Wednesday, May 30, 2012

The Growing Education Divide in Cities

(Click image for larger view.)

According to the New York Times, cities are increasingly divergent in terms of percentage of residents with college education:
College graduates are more unevenly distributed in the top 100 metropolitan areas now than they were four decades ago. More adults have bachelor’s degrees, but the difference between the most and least educated metro areas is double what it was in 1970.
Here is a ranking of cities by education level. The DC/Arlington/Alexandria area comes out as America's most educated region -- both in 1970 and in 2010.

Interestingly, I was reading today in Ed Glaeser's new book, Triumph of the City, that counties where more than 10 percent of the adult population had college degrees in 1970 grew by 72 percent by the year 2000. Counties where less than 5 percent of the population had college degrees only grew by 37 percent.

Manufacturing cities are increasingly being left behind.  And this has important ramifications for a variety of social outcomes:
Metro areas where more than one in three adults were college-educated had an average unemployment rate of 7.5 percent earlier this year, compared with 10.5 percent for cities where less than one in six adults had a college degree, according to Edward Glaeser, an economist at Harvard and the author of “Triumph of the City.”...

In a pattern that is part education, part family background, college graduates tend to have longer life expectancies, higher household incomes, lower divorce rates and fewer single-parent families than those with less education, and cities where they cluster tend to exhibit those patterns more strongly. Montgomery County, where Dayton is located, has a premature death rate that is more than double that of Fairfax County, Va., the highly educated Washington suburb, according to Bridget Catlin, a University of Wisconsin researcher.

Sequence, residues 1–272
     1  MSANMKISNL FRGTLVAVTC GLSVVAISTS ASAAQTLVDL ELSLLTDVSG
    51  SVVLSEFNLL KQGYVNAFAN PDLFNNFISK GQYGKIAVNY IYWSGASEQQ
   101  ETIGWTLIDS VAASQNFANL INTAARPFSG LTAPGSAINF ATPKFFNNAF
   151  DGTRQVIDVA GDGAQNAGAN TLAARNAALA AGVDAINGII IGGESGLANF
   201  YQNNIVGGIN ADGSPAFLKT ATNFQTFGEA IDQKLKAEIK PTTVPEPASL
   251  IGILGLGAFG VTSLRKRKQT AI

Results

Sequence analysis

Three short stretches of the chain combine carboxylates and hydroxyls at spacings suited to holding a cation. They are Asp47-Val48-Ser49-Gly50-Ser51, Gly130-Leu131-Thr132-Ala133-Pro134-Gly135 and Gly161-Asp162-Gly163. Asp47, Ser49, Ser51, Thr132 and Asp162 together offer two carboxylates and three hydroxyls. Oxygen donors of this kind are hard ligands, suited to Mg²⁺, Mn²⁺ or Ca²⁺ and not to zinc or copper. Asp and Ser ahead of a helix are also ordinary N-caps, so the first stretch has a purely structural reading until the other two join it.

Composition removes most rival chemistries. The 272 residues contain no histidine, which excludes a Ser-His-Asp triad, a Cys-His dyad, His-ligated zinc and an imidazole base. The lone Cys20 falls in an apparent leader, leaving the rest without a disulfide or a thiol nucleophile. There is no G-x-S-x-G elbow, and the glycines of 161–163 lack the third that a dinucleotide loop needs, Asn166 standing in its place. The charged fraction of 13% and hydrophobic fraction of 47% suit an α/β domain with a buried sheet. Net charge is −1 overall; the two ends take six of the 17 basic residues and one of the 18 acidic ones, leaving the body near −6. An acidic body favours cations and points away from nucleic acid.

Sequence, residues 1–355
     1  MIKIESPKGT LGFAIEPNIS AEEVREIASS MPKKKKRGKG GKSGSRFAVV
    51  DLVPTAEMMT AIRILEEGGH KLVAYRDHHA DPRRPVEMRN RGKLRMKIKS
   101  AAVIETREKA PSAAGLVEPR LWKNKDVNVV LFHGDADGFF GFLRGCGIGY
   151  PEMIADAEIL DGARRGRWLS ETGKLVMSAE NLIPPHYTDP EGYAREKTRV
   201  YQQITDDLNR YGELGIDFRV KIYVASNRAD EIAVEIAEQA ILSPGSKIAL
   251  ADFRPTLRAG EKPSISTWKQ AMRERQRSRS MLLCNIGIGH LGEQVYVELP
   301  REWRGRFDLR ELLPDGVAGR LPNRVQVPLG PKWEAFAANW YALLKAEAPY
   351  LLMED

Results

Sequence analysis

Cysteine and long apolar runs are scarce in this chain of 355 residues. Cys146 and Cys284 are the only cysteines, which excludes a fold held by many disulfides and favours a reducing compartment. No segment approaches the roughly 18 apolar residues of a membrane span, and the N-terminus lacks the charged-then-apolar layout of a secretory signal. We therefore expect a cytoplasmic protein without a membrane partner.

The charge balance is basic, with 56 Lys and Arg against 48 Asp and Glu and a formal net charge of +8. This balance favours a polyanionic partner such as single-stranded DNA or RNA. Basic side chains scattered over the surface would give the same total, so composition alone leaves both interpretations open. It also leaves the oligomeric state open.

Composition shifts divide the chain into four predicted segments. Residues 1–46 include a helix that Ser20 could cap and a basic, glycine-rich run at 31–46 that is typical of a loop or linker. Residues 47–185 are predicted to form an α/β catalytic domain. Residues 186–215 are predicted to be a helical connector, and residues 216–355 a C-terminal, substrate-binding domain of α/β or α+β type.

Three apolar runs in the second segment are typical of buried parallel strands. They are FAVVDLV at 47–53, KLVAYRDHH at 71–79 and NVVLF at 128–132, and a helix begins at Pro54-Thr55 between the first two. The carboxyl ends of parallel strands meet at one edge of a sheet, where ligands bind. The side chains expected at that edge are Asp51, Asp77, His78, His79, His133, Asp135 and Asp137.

Read the whole thing.

This makes me wonder about the future of my former city of Orlando?  It has a similar education ranking as Detroit.  And like Detroit, many moved to Orlando because there were a large number of decent paying jobs that people could get without a college education in the tourism industry.  In the future, this lower level of average education may make it more difficult for Orlando to diversify it's economy.  This limits the employment opportunities of workers who are still advancing in their careers.  One reason I ended up moving from Orlando to the DC area in 2005 was because I did not feel there were good opportunities for career growth for me.  (It was a good decision for me.  The DC area has been much better for my career advancement and educational opportunities.)

Tourism in Orlando took big hits after September 11th and then again during the financial crisis, demonstrating the weakness of a single-sector economy.  Orlando was also one of the hardest hit areas by the housing bubble, rated as the nation's worst housing market according to some rankings.  The crime rate there has been rising in recent years to the point where it is currently tied for the third most dangerous city in America according to US News.

Has a decline already begun or will Orlando bounce back as the economy strengthens?  It is too early to tell, but the experience of other cities gives reason for concern.

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